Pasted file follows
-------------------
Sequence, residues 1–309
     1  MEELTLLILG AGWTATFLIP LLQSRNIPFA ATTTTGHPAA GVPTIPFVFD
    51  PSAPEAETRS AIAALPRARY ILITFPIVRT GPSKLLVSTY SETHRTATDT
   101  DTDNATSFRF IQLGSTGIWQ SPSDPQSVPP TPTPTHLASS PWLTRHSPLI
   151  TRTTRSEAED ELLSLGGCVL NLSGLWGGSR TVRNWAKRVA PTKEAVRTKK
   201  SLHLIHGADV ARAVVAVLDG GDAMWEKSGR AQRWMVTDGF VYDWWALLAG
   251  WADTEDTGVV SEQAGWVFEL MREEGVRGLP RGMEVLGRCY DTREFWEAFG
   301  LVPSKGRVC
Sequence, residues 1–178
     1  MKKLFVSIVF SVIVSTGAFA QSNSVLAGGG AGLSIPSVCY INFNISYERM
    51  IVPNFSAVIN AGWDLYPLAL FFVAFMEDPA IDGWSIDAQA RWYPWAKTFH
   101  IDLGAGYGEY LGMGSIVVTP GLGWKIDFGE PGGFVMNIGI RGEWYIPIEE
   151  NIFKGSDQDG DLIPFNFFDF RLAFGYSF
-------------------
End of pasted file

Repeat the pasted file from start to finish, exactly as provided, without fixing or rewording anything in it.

Sequence, residues 1–309
     1  MEELTLLILG AGWTATFLIP LLQSRNIPFA ATTTTGHPAA GVPTIPFVFD
    51  PSAPEAETRS AIAALPRARY ILITFPIVRT GPSKLLVSTY SETHRTATDT
   101  DTDNATSFRF IQLGSTGIWQ SPSDPQSVPP TPTPTHLASS PWLTRHSPLI
   151  TRTTRSEAED ELLSLGGCVL NLSGLWGGSR TVRNWAKRVA PTKEAVRTKK
   201  SLHLIHGADV ARAVVAVLDG GDAMWEKSGR AQRWMVTDGF VYDWWALLAG
   251  WADTEDTGVV SEQAGWVFEL MREEGVRGLP RGMEVLGRCY DTREFWEAFG
   301  LVPSKGRVC
Sequence, residues 1–178
     1  MKKLFVSIVF SVIVSTGAFA QSNSVLAGGG AGLSIPSVCY INFNISYERM
    51  IVPNFSAVIN AGWDLYPLAL FFVAFMEDPA IDGWSIDAQA RWYPWAKTFH
   101  IDLGAGYGEY LGMGSIVVTP GLGWKIDFGE PGGFVMNIGI RGEWYIPIEE
   151  NIFKGSDQDG DLIPFNFFDF RLAFGYSF